Wednesday, May 03, 2017
With votes still waiting to be counted supporters of the sugary-drink tax have conceded the election in what is turning out to be a lopsided defeat.
The city ballot measure would have levied a two-cents-per-ounce tax on distributors of sugary drinks; revenue from the tax would have expanded early childhood education in the city.
Early unofficial results, around , from the city clerk show 63% voted against the ballot measure, while 37% voted for it.
The New Mexican will soon have district-by-district voting data, as well as expanded coverage of the decision, on its homepage, santafenewmexican.com.
The vote brings to an end a brief but hotly contested special-election campaign that drew millions in out-of-state donations and a spotlight to Santa Fe, the latest progressive outpost to consider such an initiative.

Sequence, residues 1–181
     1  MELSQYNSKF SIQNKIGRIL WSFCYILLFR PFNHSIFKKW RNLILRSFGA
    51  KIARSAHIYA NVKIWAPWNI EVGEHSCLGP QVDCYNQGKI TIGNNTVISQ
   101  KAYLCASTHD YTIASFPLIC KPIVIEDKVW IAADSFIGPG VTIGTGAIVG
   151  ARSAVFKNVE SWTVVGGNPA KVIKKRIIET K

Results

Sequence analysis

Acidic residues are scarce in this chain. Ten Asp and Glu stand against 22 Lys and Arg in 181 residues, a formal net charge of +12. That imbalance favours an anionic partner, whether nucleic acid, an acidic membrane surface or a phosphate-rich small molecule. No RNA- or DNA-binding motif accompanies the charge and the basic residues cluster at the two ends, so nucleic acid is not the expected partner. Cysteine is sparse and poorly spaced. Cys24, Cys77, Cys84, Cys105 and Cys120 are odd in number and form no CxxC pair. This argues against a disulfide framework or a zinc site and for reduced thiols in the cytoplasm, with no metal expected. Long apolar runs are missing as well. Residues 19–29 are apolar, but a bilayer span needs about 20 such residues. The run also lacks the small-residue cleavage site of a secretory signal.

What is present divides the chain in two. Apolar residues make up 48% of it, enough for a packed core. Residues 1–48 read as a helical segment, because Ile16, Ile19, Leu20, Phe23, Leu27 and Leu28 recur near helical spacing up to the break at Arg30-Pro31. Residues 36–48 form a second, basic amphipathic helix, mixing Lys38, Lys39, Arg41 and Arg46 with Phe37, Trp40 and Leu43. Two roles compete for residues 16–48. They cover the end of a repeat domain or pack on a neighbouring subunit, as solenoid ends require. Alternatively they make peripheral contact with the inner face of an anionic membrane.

But unlike Philadelphia, Berkeley, Calif., and others, Santa Fe turned it down, suggesting resistance to what opponents said was a regressive and unfair tax, targeting lower-income families.
Opponents of the proposed tax argued it would discourage the purchase of sugary drinks and thus imperil the revenue source for the proposed prekindergarten expansion.
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